The area around the Queen’s University was just a few steps away from our hotel, therefore we decided to wait for the last morning of our stay to enjoy a discovery walk around this district, after checking-out and leaving our luggage in the storage room until it was time to head back towards the bus station. The Queen’s University is one of the 10 most ancient ones in the United Kingdom, and we decided to enter to take a look around the central wing of Lanyon Building, charmed by its Neo-gothic facade and even more fascinated upon entering the Black and White Hall, where a statue of Galileo dominates the impressive scene.
Our next stop in the neighborhood were the Botanic Gardens, a peaceful haven within the city. The Ulster Museum (free entrance) is also located within this park, and it offers a wide selection of artistic and historical finds revealing the past of the nation from prehistoric to modern times. Game of Thrones lovers will also appreciate visiting a section of the top floor, that had been just recently opened to the public when we went, where they exhibit an almost 260-foot-long, linen tapestry (certainly longer now) inspired by that of Bayeux, which depicts all the events that took place in the TV series from start to finish. They had just added the seventh season at the time of our visit… I’m expecting the ambitious work to have been completed now that the show has also come to an (although not entirely satisfying) end.
7) Explore the Cathedral Quarter
This is definitely the most culturally vibrant area of the city, also offering a quite particular visual impact thanks to the narrow, cobbled streets and the historical buildings covered by the typical red bricks, plus the many pubs, little restaurants, shops and theaters where to spend a pleasant afternoon or evening. The name of the neighborhood comes from St. Anne’s Cathedral, Belfast Cathedral, dating back to the early 1900s and towering at the center of the quarter.
8) Have a drink at The Crown
The Crown Liquor Saloon is an historic pub located just around the corner from the bus station where coaches to/from the airport stop (we have indeed set our eyes on it the very second we arrived in the city), and literally only a few steps away from the city center. The atmosphere inside is really characteristic, thanks to the retro style of its booths, the wooden benches and colored glass windows. The pub is also part of the National Trust, therefore a true piece of history! I’d recommend entering to enjoy a glass of liquor (whiskey, perhaps!) or a pint of dark beer, if you prefer something “lighter”.
However, we didn’t stop here for the meals as well, in part due to the prices. Instead, we have decided to move over to next-door Robinsons for dinner, and I would highly recommend it: the bistro on the first floor serves dishes such as fish&chips and steak&Guinness pie that were absolutely fabulous! Our favorite choice has to be the smoked haddock, though: definitely a must-try. I would also suggest to book in advance if you plan on going on a Friday or Saturday evening – although in case there is some waiting to do (as it happened to us) you can still make yourself comfortable in one of the two pubs of the same property, one on the ground floor and the other on the second, and have a beer and some chips (or my beloved garlic bread) while waiting to be called on the pager they will hand you.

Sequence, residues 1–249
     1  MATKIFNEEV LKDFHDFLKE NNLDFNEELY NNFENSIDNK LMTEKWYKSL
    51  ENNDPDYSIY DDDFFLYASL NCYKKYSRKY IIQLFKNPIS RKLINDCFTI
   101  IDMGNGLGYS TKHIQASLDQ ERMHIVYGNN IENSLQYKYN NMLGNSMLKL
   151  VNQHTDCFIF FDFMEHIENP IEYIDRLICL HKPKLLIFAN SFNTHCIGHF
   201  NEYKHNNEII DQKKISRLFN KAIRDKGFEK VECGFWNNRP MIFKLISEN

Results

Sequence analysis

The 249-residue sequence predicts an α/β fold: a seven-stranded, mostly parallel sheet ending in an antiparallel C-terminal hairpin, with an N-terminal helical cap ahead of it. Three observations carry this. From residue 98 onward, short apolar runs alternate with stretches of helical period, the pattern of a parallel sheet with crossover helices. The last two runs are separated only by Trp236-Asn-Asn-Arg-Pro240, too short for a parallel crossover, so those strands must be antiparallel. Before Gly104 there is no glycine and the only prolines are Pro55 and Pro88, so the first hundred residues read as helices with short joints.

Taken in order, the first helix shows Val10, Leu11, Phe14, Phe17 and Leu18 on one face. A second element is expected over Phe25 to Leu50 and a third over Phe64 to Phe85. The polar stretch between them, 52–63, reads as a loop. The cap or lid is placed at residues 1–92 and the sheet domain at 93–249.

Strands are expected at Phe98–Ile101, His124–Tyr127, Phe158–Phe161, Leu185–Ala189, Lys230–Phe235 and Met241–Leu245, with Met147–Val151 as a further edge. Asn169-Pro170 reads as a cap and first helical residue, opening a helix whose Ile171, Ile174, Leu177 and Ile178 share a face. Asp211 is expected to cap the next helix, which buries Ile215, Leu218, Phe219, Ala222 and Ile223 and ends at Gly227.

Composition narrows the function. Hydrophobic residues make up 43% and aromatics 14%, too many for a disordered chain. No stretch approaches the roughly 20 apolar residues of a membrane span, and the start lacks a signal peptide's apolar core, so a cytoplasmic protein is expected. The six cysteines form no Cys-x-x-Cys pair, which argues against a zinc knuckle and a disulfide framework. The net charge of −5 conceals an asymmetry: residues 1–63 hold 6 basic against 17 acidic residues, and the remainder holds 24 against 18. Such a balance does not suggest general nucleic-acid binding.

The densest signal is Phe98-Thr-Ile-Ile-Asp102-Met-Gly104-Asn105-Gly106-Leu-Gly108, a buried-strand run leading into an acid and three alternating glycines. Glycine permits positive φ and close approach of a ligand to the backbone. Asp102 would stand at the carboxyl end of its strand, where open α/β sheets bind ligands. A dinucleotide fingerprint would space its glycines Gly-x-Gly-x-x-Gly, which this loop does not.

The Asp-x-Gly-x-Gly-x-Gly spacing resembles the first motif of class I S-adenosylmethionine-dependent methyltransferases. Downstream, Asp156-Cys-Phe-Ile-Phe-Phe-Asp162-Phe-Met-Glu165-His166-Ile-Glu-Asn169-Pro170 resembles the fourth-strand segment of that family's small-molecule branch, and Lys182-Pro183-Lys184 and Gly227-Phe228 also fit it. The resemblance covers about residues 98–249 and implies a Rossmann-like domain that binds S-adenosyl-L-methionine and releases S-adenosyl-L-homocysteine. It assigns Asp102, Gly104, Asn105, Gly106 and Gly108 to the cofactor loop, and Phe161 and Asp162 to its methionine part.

P.S.: You might have noticed that I haven’t mentioned the Titanic Quarter, despite it being often referred to as the main attraction in Belfast. As far as I’m concerned, it wasn’t the first thing I thought about before and during our stay. Should this gut feeling not have been enough, the few comments I could extract from some locals (something along the lines of a brief “oh yes, that too” when we mentioned it as one of the things that people apparently recommend to see, when not a more direct “pfft, overrated”) were the final testament to the fact that I could indeed live without it. For those interested in the story of the ill-fated ocean liner, though, by all means Titanic Belfast represents a must-see… To me the main interest for the area lied in the Titanic Studios, more precisely the colossal Paint Hall inside which the indoor shootings of the already mentioned series Game of Thrones took place (so all the sets such as the top of the Wall or the Throne Room are in there!).
By the way, I was thinking about writing something about our tours around the several locations of the show situated both north and south of Belfast, too… stay tuned! In the meantime, if you trust your Google Translate, here‘s another article of mine (only in Italian) about that same experience, although more focused on the behind-the-scenes trivia we found out about.